There are 'strategic' reasons to make $1 bids on auctions.  They mask your potential highest bid, they will save you the most amount of money when they stick, and they put other bidders on tilt.  If your MO is to win auctions for the least amount of money, those are pretty good strategies.  You're welcome to exercise them if you want, but don't pretend that you're not being an asshat to other members when you do that stuff.  If you find yourself not respected by the community at large, don't be surprised.  Misprint collectors are a pretty tight knit community.  Bad reputations will not serve you well in the long run.  If you show respect to other members, you will in turn be respected.

Most sellers set $1 minimum bid increments as a means to prevent dealing in pennies (something that can easily be done by just saying. "Bids must be in whole dollar amounts.").  They also have the added benefit of continually bumping your auction thread.  Higher visibility usually leads to more action and higher end prices on auctions.  This can backfire though.  It doesn't always guarantee you more bidding action.  When members see a post get bumped to the top of the group a million times a day, they start ignoring it.  What you think is helping, can actually hurt you.  Additionally, there are members who are less likely to even bother bidding against the $1 bargain hunters because it's not worth the hassle.  If you want the best way to get solid action on your items, I would recommend using a minimum bid system that escalates in proportion to the current bid.  Here's what that might look like;

  • Minimum bid on cards < $10 is $1
  • Minimum bid on cards < $20 is $2
  • Minimum bid on cards < $30 is $3
  • Minimum bid on cards < $50 is $5
  • Minimum bid on cards < $100 is $10
  • etc, you get the math that's going on here and can fill in all the blanks.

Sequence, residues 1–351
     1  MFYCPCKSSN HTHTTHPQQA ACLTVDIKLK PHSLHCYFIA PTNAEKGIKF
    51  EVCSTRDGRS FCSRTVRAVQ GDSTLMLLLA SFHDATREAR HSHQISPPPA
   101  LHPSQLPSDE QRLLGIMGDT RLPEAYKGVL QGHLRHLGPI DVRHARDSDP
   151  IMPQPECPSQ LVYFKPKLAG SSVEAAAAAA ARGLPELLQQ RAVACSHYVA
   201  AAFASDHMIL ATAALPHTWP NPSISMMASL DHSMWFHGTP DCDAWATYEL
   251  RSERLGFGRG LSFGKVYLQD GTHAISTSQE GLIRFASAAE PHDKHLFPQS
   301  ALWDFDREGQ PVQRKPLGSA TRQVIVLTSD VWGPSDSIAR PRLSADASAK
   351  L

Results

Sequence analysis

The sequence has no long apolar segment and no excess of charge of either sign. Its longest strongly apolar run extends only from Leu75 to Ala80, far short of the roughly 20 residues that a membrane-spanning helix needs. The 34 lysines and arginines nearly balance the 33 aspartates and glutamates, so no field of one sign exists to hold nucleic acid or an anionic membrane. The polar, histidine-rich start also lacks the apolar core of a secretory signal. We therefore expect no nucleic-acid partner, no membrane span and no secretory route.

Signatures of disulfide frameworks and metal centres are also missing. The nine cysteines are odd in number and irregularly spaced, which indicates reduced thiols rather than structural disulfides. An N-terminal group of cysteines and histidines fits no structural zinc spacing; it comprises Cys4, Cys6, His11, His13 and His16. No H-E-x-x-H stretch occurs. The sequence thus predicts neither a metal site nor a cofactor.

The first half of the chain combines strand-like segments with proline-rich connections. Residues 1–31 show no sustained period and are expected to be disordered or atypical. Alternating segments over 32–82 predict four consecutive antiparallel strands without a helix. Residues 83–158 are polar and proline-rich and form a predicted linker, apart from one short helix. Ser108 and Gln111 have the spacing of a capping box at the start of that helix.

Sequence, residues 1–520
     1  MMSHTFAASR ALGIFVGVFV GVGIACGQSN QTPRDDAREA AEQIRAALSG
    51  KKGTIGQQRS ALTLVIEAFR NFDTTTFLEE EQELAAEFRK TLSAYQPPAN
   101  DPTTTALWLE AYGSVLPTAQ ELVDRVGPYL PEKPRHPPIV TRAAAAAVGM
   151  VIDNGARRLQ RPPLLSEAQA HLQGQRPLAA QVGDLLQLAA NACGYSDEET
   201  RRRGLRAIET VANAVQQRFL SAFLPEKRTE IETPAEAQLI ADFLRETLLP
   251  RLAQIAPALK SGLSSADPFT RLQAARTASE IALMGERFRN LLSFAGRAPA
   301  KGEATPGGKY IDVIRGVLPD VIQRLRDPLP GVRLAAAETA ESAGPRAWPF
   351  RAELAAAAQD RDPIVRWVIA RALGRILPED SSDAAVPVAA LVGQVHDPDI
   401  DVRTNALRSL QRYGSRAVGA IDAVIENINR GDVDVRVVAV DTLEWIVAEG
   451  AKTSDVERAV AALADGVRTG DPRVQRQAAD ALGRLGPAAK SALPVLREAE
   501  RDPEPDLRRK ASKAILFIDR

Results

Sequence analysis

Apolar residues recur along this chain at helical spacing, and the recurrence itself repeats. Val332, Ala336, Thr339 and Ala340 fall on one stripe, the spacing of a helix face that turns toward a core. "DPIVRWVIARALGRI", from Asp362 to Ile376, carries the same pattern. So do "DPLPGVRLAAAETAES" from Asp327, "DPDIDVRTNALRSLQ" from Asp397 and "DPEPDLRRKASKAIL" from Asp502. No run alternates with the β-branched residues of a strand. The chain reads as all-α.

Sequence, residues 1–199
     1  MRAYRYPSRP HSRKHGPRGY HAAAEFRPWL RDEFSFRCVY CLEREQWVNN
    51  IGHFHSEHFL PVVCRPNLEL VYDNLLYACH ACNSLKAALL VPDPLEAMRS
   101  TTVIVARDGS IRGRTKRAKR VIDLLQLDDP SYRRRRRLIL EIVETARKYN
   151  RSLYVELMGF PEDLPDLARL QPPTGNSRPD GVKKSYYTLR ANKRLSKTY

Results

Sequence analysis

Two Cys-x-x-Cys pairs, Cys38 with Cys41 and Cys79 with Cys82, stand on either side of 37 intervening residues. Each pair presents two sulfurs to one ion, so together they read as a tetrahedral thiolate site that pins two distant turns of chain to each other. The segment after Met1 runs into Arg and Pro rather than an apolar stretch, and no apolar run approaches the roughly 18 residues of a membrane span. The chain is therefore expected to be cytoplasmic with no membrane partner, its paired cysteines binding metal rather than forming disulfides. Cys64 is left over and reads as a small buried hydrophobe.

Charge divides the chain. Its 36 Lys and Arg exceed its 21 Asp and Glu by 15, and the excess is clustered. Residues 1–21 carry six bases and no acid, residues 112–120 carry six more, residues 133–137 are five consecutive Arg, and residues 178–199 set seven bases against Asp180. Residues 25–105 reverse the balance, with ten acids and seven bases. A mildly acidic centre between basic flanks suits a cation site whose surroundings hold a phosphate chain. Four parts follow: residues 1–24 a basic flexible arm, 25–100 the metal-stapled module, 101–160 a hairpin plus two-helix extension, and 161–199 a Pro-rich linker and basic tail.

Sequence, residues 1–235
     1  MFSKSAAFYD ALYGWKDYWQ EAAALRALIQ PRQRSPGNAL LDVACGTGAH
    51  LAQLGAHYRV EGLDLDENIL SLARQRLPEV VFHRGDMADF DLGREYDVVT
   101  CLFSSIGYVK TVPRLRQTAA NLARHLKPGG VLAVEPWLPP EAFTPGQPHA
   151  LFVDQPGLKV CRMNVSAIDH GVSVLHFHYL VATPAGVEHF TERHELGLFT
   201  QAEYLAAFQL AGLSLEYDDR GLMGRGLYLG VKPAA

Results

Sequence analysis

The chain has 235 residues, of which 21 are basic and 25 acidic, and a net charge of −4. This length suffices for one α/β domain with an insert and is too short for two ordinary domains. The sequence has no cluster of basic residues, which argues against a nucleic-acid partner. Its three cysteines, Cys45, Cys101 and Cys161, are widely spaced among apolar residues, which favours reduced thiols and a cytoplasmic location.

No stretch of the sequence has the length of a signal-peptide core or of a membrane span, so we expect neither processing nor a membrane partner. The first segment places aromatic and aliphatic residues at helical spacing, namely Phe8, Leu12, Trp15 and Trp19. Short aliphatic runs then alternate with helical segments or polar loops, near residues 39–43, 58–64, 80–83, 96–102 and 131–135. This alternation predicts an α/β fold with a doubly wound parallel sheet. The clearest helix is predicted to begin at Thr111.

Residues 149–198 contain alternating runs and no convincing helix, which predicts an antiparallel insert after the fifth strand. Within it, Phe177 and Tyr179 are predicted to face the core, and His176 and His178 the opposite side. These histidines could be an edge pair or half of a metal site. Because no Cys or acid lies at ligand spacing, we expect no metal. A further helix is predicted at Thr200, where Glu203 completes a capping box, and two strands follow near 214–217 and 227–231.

I prefer this over flat % based minimum bid systems because it's very easy for bidders to calculate what the minimum bid on an item is.  This is a great idea for sellers because it can net you HIGHER prices when true bidding wars break out.  Bidders will be forced to be very thoughtful about their bids, and it will make things smoother in the long run.

If you want to employ the $1 bidding strategy, go ahead, but know that you are doing so at the cost of a negative impact to your reputation in the community.  There are a lot of collectors who don't share that sentiment, but there are also a lot of collectors who feel the same as I do.  If you want that sort of action, go to eBay and save us all the headache.  Facebook is not optimized for auctioning, but it's what we've got.  I'd really appreciated it if you stopped being assholes.  "If you can't beat them, join them."  Fuck that.  I have integrity. /endRant


The Misconceptions of Determining Value

"It's not worth anything if you're not selling it."

"In order to determine the value you need to auction it."

"This type of misprint is worth 1.5 times the normal value of the card"

I'm going to do my best to not make this a rant, but statements like this are a huge pet peeve of mine.  They are not true and they are continually offered as advice to people who are looking for estimates and information about their misprints.

It turns out that people have been thinking and talking about the concept of value for a very long time.  I'm not an economist, but there's some pretty intriguing Wikipedia entries which you can check out here and here.  To avoid getting into a theoretical or philosophical debate on the concept of value, I'll just use the definition:

From; Edited to remove non-relevant definition #1 from image.

From  Edited to remove non-relevant definition #1 from image.